Newspaper Accounts: London

Newspaper Accounts of Yogananda in London

Inner Culture, March 1937

The newspapers and illustrated weeklies in London and India devoted a great deal of space to Swami Yogananda’s presence in their lands. Mr. Wright, who accompanied Swamiji, came back loaded with newspaper clippings about Swamiji’s work and lectures in various places.

The “London Star”
“I managed to squeeze into Caxton Hall before the overflow invaded the Press table. The occasion was an address on God by Swami Yogananda, Yoga master. Hall, floor and balconies were crammed. For an hour-and-a-quarter attention was held by a remarkable piece of reverent entertainment. I have heard few equals of the Swami as an orator. There was not a syllable of rant or unintelligible metaphysics. His character-acting of a socially distracted lady trying to practice meditation as the Swami ordered would have brought down any house. At the end of 75 minutes, the Swami, apparently not the least fatigued, left to address the over-flow meetings. Next Tuesday the Swami will speak at Whitefields Institute in support of the World Fellowship of Faiths. The president of the British National Council is our old friend, Mr. George Lansbury. The world president is the Maharaja Gaekwar of Baroda.”

“Sunday Graphic,” London
The Sunday Graphic of London (September 27, 1936) had the following feature article by its columnist, Gordon Webb:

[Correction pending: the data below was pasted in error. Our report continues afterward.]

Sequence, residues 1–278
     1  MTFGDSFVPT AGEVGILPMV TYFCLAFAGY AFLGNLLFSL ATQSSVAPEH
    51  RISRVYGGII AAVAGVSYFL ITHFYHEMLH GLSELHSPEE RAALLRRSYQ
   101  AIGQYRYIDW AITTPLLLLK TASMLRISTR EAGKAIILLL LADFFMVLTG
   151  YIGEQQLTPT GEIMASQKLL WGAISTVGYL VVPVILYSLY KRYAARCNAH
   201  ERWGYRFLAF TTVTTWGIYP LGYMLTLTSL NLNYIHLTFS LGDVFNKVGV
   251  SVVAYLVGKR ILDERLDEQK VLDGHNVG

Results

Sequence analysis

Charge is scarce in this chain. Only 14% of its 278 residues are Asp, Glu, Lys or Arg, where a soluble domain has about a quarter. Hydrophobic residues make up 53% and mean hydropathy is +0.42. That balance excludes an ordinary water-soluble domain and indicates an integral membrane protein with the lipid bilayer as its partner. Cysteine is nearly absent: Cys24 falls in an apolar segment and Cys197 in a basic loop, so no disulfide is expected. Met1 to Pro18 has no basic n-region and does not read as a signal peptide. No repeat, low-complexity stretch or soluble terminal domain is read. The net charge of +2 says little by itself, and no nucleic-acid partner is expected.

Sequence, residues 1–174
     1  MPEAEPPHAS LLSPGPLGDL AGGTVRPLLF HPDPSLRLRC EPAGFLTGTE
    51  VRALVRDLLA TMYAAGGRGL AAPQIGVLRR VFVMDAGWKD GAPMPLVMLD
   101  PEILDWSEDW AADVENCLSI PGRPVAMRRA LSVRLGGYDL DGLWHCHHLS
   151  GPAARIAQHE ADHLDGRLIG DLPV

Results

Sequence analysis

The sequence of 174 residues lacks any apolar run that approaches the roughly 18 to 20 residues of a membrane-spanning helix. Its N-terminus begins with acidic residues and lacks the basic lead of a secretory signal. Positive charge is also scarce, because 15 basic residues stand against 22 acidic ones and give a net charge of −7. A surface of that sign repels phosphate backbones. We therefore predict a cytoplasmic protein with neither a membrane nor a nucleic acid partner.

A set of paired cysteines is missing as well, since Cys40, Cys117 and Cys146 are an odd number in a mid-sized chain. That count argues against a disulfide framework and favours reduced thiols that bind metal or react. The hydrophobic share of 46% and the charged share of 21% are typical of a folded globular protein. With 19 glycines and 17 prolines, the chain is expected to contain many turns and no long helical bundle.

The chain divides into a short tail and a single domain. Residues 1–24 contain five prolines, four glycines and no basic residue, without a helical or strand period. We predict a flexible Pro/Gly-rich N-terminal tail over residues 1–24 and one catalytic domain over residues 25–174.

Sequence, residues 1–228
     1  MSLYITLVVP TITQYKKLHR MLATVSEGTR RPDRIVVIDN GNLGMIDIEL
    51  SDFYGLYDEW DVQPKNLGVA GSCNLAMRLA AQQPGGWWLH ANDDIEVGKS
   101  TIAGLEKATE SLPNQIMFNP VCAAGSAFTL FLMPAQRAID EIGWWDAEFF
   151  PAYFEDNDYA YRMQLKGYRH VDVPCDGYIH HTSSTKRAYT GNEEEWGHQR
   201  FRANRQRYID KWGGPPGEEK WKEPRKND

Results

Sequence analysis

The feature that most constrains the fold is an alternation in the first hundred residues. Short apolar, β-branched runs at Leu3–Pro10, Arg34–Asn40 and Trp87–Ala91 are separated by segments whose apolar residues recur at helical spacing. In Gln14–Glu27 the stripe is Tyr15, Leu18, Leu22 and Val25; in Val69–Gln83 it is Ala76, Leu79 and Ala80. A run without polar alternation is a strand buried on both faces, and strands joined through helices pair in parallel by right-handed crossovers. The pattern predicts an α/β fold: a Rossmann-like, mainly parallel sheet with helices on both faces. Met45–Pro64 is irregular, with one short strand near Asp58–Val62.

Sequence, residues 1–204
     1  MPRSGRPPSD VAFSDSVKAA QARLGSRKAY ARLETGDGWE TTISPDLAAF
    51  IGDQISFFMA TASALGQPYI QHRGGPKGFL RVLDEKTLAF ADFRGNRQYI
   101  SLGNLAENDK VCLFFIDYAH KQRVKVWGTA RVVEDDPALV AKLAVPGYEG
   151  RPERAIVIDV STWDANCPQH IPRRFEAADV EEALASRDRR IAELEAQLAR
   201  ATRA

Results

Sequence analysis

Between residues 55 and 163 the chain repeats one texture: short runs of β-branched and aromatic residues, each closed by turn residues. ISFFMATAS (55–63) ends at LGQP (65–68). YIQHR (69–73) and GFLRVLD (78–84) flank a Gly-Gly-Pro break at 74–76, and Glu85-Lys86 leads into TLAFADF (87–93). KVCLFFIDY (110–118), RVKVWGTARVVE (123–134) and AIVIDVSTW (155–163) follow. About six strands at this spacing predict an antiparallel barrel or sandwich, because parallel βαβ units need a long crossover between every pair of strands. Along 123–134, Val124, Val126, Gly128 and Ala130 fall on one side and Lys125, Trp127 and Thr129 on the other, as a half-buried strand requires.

“In a quiet room, high above the clamour of London’s traffic, a famous Indian mystic, one of the master-minds of Yoga, gave me a remarkable demonstration of his powers. He was the Swami Yogananda, who now plans to organize a Yoga center in Britain. In yesterday’s demonstration the Yogi proved that he can (1) Stop his heart beating for a brief period; (2) Stop his pulse at will, or lower his blood pressure; (3) Control his sense of touch, or eliminate it entirely; (4) Switch off the energy from any part of his body.

“Dark-eyed, youthful-looking, the Swami told the history of his study and mastery of Yoga, the mysterious power of the East which he is now adapting to the varying conditions of the western world. ‘I studied Yoga in my childhood days,’ he said, ‘but it was not until I was profoundly moved by the death of my mother when I was a young man that I brought my powers to their full pitch. Here in the western world you are burning up all your energies. You do not find real happiness. You die young. We in the East have learned much from you, but in this matter of leading a balanced life, you have much to learn from us. By concentration and relaxation I can do with two hours’ sleep out of the 24. There is no reason why anyone who will give an hour and a half every day to deep concentration cannot do the same. When the heart is quieted consciously every other part of the body is rested with incomparably more benefit than in a deep sleep. It is this rest which prolongs life.’

Complete Spontaneity

“The Swami has the appearance of a man in the early twenties. At home it is unusual for him to work less than 16 hours a day, addressing clubs, churches and societies, attending to his vast correspondence, interviewing his followers, and directing the headquarters of his fellowship in Los Angeles. In addition, he spends long hours in intense meditation. He makes no preparatory notes for his addresses, but speaks with complete spontaneity. He claims that he is himself living proof of his teaching that anyone who faithfully follows his doctrines can attain complete self-mastery and remain young even in old age.”

 

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